The Big Sleep—Dashiell Hammett–1939–in print
I admit, the film is one of my all time favorites. I will watch it each and every time it plays on Turner Classic Movies. Happily, Mr. Turner didn’t colorize this film–or if he did, they don’t bother ruining our viewing pleasure by showing that version. I can enter at the middle, and become glued to the set, or even at the very end, when there’s just a few more moves to be made, and I’ll still opt to watch it rather than some first run program. I love it for the very reason some critics hate it–the convoluted plot. So layered, that even Chandler was hard put to explain whodunit for one of the murders in the book and on screen. I love the actors, naturally–I mean, how could one not love Bogart and Bacall–and wow–the sister to Bacall’s character, Martha Vickers, steals the show–which is why they went back and added more scenes for Bacall to shine in. Character actors galore, and an early Dorothy Malone add up to the perfect mystery film. And lest I forget, the biblio aspect of the story is just the scotch in old man Sternwood’s glass, he can’t drink.
But this is about the novel the film was based on–and naturally, they aren’t the same. Close in some parts, but not all. Philip Marlowe, private eye, goes to the palatial home of General Sternwood, an elderly ill man of wealth. He’s called into a hothouse, the humidity is stifling, Sternwood wants Marlowe to look into the blackmailing of his wild younger daughter, Carmen. She had been blackmailed by someone before named Brody, but now it seems as though a bookman named Geiger was the one putting on the pressure. Sternwood’s older daughter, Vivian, is married to the missing Rusty Regan. Vivian questions Marlowe to ascertain if he’s been hired to find Regan.
Marlowe visits Geiger’s bookstore. Here’s my favorite part of the film–but for the life of me I can’t remember if it’s in the book–I doubt it. Marlowe pretends to be a book collector (Bogart) he pulls his glasses down, speaking in an odd manner, to create a character that he figures would be like a book collector. It’s hilarious, and one of the few times I’ve seen Bogart do anything other than Bogart. In the film he asks specific questions about a couple of rare books, the clerk has no idea what he’s talking about. He goes across the street to another bookstore–yes, it’s not complete fiction to believe back in the 40s two bookstores existed across from one another–asks the same questions, this time with answers, and then Nancy Malone and Bogie pull down the shades and spend a little time in the back, uh, researching rare books, ha.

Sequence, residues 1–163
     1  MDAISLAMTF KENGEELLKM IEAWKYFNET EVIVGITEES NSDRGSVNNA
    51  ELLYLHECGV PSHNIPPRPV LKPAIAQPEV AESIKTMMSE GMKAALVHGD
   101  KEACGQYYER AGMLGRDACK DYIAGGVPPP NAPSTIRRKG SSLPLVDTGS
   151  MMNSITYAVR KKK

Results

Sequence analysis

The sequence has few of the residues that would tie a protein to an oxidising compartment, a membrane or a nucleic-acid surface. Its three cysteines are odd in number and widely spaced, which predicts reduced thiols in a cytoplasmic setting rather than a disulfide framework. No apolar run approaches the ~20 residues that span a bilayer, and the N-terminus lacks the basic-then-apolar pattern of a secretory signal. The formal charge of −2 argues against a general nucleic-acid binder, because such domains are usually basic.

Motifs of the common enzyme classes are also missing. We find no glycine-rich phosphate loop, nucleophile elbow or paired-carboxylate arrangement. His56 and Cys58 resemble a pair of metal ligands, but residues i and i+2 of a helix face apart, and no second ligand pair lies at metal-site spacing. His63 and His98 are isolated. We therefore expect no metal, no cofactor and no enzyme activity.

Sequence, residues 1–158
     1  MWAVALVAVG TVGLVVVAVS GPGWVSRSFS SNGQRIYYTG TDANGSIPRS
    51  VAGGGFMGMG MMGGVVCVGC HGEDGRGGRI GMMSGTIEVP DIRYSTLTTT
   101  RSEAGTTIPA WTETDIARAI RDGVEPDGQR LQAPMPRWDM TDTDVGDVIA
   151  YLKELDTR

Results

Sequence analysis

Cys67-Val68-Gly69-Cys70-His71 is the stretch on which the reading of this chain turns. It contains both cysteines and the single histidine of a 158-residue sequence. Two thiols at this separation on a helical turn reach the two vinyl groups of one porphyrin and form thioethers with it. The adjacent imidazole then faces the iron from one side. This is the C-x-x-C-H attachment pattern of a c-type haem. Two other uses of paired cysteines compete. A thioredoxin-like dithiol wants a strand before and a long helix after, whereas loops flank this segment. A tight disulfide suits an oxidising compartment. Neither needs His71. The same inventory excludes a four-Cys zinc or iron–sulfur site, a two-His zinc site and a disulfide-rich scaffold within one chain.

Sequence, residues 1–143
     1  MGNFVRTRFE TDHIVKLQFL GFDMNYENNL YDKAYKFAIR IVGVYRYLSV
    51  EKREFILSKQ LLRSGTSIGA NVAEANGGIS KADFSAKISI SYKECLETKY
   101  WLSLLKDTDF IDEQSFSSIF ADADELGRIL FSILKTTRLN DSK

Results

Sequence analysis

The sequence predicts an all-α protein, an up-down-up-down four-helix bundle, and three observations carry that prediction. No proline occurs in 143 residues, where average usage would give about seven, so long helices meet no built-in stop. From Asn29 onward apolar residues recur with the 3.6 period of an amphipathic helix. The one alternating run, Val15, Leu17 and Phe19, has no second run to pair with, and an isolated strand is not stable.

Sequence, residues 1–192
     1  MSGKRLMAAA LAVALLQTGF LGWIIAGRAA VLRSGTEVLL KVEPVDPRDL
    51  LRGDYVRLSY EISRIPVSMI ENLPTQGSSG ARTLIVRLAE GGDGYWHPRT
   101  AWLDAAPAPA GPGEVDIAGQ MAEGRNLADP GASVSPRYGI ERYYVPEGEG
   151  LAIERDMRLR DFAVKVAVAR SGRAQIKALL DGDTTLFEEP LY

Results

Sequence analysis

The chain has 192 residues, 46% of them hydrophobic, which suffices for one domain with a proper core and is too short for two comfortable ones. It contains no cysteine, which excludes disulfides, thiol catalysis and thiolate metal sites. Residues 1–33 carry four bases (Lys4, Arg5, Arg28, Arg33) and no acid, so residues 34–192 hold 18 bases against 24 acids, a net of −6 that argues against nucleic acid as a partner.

Anyway, back to the literary classic, Marlowe realizes Geiger’s is nothing but a front for a porno joint. He stakes out Geiger’s private residence, sees Carmen Sternwood enter, hears shrieks and gunshots, runs in to find Carmen naked as a jailbird, Geiger, dead–and a camera empty of the film taken of Carmen and her birthday suit.
From here on in, the story becomes more twisted than a Philly pretzel, and it wouldn’t be fun for the minuscule percentage of people who haven’t read the book or seen the film to give it away. A main difference is Marlowe and Vivian falling in love in the film version, as opposed to the book. And the big finish of the film isn’t part of the written story either.
Chandler apparently pieced this novel together from his various stories–creating an entirely new cast of characters, but some of the settings and story lines remained the same. This is a reason some believe the murder of the chauffeur isn’t known, because Chandler had forgotten to add the solution to this problem when he consolidated the stories.
Chandler was no Christie–the plot was secondary to the atmosphere and characters–my feeling is that everything was secondary to atmosphere—-the seedy streets of Los Angeles. Chandler was not what one thinks of as an hard-boiled writer of crime stories. He smoked a pipe, wore white gloves when he typed and most telling of all, to some misogynists–he was married to a woman many years his senior, and in great Yoko Ono fashion, she was his ruination. In every bio I read online, they make a huge point of Cissy being 18 years his senior. I have never seen a bio of a man married to a younger woman with the amount of years stated in bold that she was his junior. Cissy’s age prompts many to believe him to be controlled by his wife–and a couple of his female friends believed he was a latent homosexual. That’s right–only closeted males would marry a woman soooo much older, right?
Chandler and Hammett are considered the godfathers of hard-boiled detective stories, and I’ve no reason to conclude otherwise. The Big Sleep is a must read, see, and then some, for the crime fiction lover, whether one believes this particular title is his best or not.